Unity’s cross-platform functionality is the best among others.  With the addition of SRP, it offers more flexibility. It can optimize the performance on PC platforms, fully utilizing the power of PC while preserving the possibility to work on multiple different platforms in the future.

Nakara:Bladepoint is developed based on the Unity source code service and makes full use of many existing features inside the engine, such as movement system, physics system, DOTS, URP + HDRP, ShaderGraph and Visual Effect Graph and so on.

More specifically on Vivox. What were your needs regarding voice comms, why are voice comms crucial to the game?

Nakara:Bladepoint is a competitive multiplayer action game featured with the Chosen One mode, which has two options: solo and trio team. In the trio mode, three players need to maintain a high frequency of communication and interaction. Since the game is fast-paced and the battles are intense and frequent, the voice function is crucial for Nakara and quite an important support feature when players want to have a good gaming experience. In addition, the title is globally released,  so we need a stable voice service that can work well under all kinds of network conditions in different countries and regions.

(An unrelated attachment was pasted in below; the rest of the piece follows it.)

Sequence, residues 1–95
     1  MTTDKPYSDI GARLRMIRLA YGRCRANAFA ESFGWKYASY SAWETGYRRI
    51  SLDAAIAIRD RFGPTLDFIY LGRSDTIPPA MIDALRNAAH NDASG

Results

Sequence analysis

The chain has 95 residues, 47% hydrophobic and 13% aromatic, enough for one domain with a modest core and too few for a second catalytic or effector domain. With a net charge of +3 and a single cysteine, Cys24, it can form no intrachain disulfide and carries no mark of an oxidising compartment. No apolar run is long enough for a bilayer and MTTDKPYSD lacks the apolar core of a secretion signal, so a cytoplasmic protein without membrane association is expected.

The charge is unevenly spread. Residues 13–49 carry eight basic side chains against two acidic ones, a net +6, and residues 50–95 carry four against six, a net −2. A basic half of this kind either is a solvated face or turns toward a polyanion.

Why did you choose to use Vivox over other similar tools?

The most direct and convenient way to communicate between players in the game is definitely through the voice. We researched several voice libraries and voice service providers, and finally decided to use Vivox. For one thing, it has a large number of successful use cases in the gaming field, for another, it provides a very distinctive position-based 3D voice, by which teammates can determine the position of each other, making the cooperation between teammates more smooth and direct. This exactly met our needs. Besides, Vivox’s voice quality, network bandwidth consumption and service stability are superb, and it’s very easy to integrate with the Unity engine as well.

How easy was it to integrate into Nakara?